Old School Yard Games to Bring Back This Summer
If you feel like the sight of one more Nickelodeon special or round of Mario Kart is going to send you over the edge, it’s time to say “Mother May I”… go outside. While tag and hide-n-seek remain childhood mainstays, many of the best outdoor games have virtually disappeared. This summer use our list of Old School Yard games to reintroduce your little techies to the wonderful world of outdoor play.
1. Sardines – This old school game is very close to hide-n-seek, but adds everyone into the mix. No more squeals of “They left me out…” This game generally works best with a large group of kids. One child hides while the rest close their eyes and count. As the group fans out, each child hides as they find the secret spot. Before long the hiding place becomes fairly obvious as more and more kids find the spot and “hide” together. The last person to find the hiding spot is the one who hides in the next round.
2. Mother May I – One child becomes the “mother” or “father” and stands across the yard from the other kids, lined in a row. Each child takes a turn asking the “mother” if they may take a certain amount of steps. The mother either say yes and all of the kids take the amount of steps requested or no, and the kids stand still. The first person to reach the “mother” wins and becomes the mother in the next round. A fun variation on Mother May I can include other requests by the mother. For instance, a child may say “Mother May I take four steps” and the mother can say, “No, but you can hop on one leg four spaces.”
3. Foursquare – For those who remember this playground classic, you put kids in one of four quadrants of a larger square, with the head place being “King.” The King can make rules the others must follow throughout the game. Each player in the square must hit the ball once, based on the “rules” of the King. Once a person makes a mistake, they are out of the quadrant and sent to the back of the line and another player comes into the first quadrant. The goal is to reach the King quadrant. The rules are long and varied, so click here to refresh your memory.
4. Heads Up, Seven Up – This game works best when trying to get the kids to calm down after some of the more rousing games on this list. A group of kids come to the front while the others lay down, close their eyes and stick their thumbs up. The group of kids at the front then silently presses the other kid’s thumbs down. After each person returns to the front, the kids with their heads down have to guess who they think pressed their thumb down. If their guess is right, the person with their head down gets to trade places with the person who pushed their thumb down.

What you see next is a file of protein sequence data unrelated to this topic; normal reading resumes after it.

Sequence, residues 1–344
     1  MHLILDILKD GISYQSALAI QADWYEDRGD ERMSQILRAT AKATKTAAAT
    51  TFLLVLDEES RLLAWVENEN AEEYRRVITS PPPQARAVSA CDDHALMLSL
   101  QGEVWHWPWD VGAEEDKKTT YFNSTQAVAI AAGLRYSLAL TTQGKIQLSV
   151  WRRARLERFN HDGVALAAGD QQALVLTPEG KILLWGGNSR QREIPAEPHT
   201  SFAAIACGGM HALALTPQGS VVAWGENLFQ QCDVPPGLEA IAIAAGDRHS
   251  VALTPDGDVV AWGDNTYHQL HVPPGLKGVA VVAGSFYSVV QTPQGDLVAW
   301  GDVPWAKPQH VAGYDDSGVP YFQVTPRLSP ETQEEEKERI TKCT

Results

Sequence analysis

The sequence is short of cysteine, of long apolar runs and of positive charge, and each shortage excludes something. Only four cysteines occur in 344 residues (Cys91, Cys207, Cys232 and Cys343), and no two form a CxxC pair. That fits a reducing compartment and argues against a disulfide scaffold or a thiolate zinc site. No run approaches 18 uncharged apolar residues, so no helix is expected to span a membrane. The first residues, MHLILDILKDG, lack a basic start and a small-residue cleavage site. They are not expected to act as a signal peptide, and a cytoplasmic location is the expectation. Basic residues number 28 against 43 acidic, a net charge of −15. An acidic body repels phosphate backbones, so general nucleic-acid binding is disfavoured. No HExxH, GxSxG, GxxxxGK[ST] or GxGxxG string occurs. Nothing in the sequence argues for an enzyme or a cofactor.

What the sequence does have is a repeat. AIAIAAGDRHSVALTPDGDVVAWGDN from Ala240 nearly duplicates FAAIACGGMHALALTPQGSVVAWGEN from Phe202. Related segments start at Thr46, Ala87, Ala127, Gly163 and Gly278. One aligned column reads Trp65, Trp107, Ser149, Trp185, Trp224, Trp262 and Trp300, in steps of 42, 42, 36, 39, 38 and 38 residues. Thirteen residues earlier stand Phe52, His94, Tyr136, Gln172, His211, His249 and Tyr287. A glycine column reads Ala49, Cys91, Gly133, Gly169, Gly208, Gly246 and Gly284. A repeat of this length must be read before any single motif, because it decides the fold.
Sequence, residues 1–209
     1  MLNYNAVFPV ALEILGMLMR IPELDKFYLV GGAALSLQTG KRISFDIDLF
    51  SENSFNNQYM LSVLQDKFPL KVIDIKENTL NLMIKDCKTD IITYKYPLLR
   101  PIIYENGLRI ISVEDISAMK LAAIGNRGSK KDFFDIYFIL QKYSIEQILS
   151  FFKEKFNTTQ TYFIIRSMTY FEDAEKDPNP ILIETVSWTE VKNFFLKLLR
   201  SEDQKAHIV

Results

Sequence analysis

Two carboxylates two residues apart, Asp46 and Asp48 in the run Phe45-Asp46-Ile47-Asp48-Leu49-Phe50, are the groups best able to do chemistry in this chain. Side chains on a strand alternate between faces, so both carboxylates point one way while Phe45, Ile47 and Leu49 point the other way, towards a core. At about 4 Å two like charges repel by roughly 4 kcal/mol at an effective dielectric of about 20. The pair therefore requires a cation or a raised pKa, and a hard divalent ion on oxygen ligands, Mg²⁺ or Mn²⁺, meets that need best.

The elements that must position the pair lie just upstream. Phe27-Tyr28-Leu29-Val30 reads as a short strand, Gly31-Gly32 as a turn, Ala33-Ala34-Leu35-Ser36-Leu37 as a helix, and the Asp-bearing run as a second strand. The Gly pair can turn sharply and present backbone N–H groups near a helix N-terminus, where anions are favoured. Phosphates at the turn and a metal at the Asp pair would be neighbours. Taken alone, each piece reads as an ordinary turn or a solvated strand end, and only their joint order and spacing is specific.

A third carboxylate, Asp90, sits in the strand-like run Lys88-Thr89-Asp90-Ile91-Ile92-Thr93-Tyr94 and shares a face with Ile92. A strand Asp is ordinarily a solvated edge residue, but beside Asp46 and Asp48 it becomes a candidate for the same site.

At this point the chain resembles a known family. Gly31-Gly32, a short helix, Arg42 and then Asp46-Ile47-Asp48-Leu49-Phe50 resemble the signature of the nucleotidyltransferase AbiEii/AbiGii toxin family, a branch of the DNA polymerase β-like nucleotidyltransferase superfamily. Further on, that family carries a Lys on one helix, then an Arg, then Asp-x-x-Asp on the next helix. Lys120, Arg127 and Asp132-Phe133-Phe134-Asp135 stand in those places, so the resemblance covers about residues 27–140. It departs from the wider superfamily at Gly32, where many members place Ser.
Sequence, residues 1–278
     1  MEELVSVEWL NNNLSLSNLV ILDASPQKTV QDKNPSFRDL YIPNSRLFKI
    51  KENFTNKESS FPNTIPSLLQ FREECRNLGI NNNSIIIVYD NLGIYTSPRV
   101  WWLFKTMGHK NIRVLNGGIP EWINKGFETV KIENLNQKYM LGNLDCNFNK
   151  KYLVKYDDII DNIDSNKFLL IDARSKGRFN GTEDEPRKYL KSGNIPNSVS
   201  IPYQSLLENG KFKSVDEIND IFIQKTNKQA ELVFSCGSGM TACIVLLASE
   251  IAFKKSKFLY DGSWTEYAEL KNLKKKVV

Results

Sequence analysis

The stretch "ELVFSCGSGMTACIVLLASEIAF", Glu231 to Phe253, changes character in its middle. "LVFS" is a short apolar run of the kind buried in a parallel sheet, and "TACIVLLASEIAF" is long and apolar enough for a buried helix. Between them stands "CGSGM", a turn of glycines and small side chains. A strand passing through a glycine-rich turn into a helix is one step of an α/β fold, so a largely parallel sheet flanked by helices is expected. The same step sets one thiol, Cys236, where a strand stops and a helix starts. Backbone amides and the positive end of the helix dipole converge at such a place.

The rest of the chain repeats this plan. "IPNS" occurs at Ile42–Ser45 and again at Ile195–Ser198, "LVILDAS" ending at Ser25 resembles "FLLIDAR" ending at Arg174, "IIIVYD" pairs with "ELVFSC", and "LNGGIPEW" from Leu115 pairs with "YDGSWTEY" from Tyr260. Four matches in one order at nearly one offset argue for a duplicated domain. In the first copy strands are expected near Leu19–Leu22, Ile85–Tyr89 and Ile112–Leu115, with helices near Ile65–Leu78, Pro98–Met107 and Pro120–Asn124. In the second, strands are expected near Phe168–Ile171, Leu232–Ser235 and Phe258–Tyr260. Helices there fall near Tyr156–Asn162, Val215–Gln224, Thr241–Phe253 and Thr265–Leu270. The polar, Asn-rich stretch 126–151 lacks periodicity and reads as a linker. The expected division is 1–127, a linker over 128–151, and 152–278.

5. Hand Clap games – Miss Mary Mack, Mack, Mack. All Dressed in Black, Black, Black. Hopefully these hand clap games will drown out your child’s eternal “why” questions. Why is she dressed in black? Why silver buttons? Why down her back?
6. Red Rover – Who can forget that taunting melody, “Red Rover, Red Rover, send Mary on over”… as it turns out, your kids. Bring this childhood fave back by having a group of kids interlace their arms in two rows facing each other. One group of kids than calls, “Red Rover, Red Rover, send (chosen child) on Over.” The kid who has been called runs toward the human line and tries to break through. If they are able to break it, they take a kid from the broken line back to their original line. If they don’t break through, they join the opposing line.
7. Jump Rope Rhymes – Princess (name of jumper called in); bit by a snake… how many doctors did it take? 1, 2, 3… There are literally too many jump rope songs to count, so grab a rope, grab some girls and pull out some old goodies like, “Cinderella, dressed in yella, Went to meet her handsome fella….”
8. Crack the Whip – A group of kids all hold hands in a line as the first person in line begins running in different directions. The result is a “whip” with the kids at the end of the tail needing to hold on tighter as the tail whips around. As kids fall off, others can secure a safer position closer to the head by taking a spot in the middle of the whip before other kids have a chance to grab back on.
What a throwback! Tell us some of your favorite old school games to teach your kids.
— Laurie Halter